Privately held J-M Manufacturing will purchase PW Eagle's outstanding stock for $33.50 in the deal valued at $400 million, the companies announced Monday.
The news pushed PW Eagle's stock up $3.06, or 10.2 percent, to $32.92 Tuesday. It had traded below $3 in early 2005 before a spike in demand for PVC pipe sent the price soaring.
The company had been under pressure from its two largest shareholders — Pirate Capital and Caxton Associates — to increase the value of investors' holdings.
Front Porch Classics
2 toy companies complete merger
Front Porch Classics, the Seattle company that makes handcrafted games, has merged with New York-based Sababa Toys. The combined company will operate under the Sababa name, although Front Porch Classics and Sababa Toys will remain distinct brands. Sababa produces licensed versions of toys like Rubik's Cube, Magic 8 Ball and Othello. Helen Rockey, who has been chief executive of Front Porch Classics, will become vice chairman of the combined company.
Nation and World
Safeco / Geico
Court indicates it may limit duties
U.S. Supreme Court justices signaled Tuesday that they may limit the duty of insurance companies to tell consumers about flaws in their credit histories, questioning a ruling that insurers say would open them to billions of dollars in damages.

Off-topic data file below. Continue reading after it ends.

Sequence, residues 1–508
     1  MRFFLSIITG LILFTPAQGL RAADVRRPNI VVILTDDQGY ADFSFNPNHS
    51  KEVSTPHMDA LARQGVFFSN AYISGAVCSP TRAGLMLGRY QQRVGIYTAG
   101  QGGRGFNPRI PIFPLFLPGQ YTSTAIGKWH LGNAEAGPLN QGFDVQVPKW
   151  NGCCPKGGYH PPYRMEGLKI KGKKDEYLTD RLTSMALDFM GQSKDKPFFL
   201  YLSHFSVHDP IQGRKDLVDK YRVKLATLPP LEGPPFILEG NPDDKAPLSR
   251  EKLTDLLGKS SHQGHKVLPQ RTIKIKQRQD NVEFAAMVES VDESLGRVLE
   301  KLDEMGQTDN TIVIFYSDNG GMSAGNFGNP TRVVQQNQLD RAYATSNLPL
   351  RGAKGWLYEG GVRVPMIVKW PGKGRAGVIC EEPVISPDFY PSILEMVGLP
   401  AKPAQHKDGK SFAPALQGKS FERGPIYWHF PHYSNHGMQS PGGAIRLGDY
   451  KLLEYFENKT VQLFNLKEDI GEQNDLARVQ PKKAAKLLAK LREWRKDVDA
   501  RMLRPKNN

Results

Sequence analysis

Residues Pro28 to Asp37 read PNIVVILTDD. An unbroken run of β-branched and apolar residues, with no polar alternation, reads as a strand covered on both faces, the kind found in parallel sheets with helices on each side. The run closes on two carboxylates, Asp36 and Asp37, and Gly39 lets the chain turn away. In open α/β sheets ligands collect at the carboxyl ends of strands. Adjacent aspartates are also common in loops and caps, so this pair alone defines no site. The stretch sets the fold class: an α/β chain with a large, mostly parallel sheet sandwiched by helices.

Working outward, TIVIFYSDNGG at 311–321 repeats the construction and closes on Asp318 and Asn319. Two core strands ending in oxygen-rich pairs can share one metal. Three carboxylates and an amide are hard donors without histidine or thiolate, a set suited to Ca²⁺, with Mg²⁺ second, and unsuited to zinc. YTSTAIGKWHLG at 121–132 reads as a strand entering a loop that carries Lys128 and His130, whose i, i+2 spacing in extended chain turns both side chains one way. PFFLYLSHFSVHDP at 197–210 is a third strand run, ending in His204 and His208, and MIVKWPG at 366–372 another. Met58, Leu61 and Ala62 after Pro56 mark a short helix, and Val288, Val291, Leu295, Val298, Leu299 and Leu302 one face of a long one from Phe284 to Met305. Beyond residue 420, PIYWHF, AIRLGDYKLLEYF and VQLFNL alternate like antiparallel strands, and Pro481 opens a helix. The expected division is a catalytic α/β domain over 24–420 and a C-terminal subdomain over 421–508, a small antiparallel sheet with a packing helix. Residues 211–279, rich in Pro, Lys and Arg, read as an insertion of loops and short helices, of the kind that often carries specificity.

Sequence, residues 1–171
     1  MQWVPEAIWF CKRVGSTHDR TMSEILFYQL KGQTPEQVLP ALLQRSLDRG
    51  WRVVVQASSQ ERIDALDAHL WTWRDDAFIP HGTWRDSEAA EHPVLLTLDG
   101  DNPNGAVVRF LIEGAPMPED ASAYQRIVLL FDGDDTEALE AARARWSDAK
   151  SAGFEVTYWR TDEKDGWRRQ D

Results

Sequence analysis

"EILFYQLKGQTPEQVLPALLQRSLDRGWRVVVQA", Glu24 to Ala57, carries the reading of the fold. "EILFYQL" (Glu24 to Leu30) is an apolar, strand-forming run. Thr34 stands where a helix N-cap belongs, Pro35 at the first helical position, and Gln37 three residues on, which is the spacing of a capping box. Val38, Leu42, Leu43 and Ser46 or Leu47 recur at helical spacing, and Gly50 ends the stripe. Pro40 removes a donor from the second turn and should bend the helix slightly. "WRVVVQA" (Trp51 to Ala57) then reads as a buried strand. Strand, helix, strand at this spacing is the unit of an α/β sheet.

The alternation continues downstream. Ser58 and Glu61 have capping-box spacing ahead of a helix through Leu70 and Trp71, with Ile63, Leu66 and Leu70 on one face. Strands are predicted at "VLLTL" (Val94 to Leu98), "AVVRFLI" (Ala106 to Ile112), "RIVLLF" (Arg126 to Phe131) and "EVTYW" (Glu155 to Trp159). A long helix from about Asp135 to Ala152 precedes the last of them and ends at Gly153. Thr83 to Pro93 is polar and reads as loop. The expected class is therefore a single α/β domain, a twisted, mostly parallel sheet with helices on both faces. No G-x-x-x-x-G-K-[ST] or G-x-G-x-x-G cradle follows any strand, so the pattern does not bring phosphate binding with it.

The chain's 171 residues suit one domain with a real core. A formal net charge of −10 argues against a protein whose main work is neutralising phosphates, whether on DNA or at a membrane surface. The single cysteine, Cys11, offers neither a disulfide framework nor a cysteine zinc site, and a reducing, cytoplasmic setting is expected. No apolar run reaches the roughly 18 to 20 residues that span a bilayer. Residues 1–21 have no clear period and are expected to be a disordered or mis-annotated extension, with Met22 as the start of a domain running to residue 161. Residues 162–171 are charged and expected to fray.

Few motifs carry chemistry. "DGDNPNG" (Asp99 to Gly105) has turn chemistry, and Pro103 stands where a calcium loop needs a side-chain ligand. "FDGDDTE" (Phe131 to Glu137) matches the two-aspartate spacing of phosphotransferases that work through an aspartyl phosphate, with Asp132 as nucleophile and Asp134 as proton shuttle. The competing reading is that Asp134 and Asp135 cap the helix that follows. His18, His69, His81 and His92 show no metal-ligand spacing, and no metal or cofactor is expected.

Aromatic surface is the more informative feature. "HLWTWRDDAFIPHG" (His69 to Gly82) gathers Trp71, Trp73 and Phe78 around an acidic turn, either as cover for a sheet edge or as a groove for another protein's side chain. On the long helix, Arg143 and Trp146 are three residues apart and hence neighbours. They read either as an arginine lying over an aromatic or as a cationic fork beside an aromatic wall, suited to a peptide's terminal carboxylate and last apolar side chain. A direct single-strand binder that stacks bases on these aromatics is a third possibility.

More than half the court's nine members voiced support for arguments by Safeco and Geico, questioning whether Congress intended for the Fair Credit Reporting Act to require notification of every consumer who doesn't get the best rate.
The insurance companies are fighting class-action lawsuits by consumers who sought price quotes, weren't offered the lowest rates and now say they should have been told the insurer relied on their less-than-perfect credit histories. A federal appeals court let the case go forward.
"There will be tens of millions of these notices going out," Justice Stephen Breyer told Scott Shorr, the lawyer for the consumers. Breyer predicted the notices "will become meaningless" to consumers and most will go "right in the wastebasket."
The court is scheduled to rule by July in the cases.
Supreme Court won't hear appeal
The Supreme Court on Tuesday refused to consider an appeal brought by a group of IBM employees who accused the company of age discrimination when it altered its pension plan. The lawsuit could have cost the company $1.4 billion.
In the case, a former employee named Kathi Cooper served as the lead plaintiff in a class-action suit brought on behalf of 250,000 current and former IBM workers.